Abstract

Abstract:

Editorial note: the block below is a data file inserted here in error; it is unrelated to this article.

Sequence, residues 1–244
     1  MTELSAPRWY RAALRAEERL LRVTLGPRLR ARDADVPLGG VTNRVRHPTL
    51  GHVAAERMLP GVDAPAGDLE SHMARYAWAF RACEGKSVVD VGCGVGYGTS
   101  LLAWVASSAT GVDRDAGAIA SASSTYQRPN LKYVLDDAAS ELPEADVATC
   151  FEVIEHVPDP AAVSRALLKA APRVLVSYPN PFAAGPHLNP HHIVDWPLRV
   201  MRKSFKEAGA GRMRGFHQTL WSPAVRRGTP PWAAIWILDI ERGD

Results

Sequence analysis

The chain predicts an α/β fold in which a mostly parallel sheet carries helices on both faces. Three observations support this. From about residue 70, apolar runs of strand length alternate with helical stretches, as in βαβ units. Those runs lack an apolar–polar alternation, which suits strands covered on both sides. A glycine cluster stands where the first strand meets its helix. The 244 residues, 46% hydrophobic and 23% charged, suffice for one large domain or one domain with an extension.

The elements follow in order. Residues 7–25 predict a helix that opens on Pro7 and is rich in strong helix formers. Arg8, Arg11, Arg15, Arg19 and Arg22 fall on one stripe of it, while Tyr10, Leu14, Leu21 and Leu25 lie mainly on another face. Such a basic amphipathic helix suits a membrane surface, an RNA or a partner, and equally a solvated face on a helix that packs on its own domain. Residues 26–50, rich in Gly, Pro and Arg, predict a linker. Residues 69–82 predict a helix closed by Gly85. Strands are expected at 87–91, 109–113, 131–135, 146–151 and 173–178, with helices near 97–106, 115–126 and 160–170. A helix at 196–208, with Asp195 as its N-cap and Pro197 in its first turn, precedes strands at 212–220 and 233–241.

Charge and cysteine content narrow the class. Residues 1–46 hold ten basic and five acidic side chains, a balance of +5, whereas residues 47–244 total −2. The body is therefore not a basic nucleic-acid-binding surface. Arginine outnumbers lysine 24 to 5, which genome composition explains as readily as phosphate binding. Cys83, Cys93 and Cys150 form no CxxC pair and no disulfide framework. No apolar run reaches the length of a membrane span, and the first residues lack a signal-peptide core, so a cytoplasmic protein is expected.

Objective. To determine the impact of adverse social and behavioral determinants of health (SBDH) on health care use in a safety-net community hospital (SNCH) heart failure (HF) population. Methods. We performed a retrospective analysis of HF patients at a single SNCH between 2018–2019 (N= 4594). Results. At least one adverse SBDH was present in 21% of the study population. Patients with at least one adverse SBDH were younger (57 vs. 68 years), more likely to identify as Black (50% vs. 36%), be male (68% vs. 53%), and have Medicaid insurance (48% vs. 22%), p<.001. Presence of at least one adverse SBDH (homelessness, substance use, or incarceration) correlated with increased hospitalizations (2.3 vs 1.4/patient) and ED visits (5.1 vs 2.1/patient), p<.0001. Adverse SBDH were independent predictors of HF readmissions. Prescribing of guideline-directed medical therapy was similar among all patients. Conclusions. In a SNCH HF cohort, adverse SBDH predominantly afflict younger Black men on Medicaid and are associated with increased utilization.

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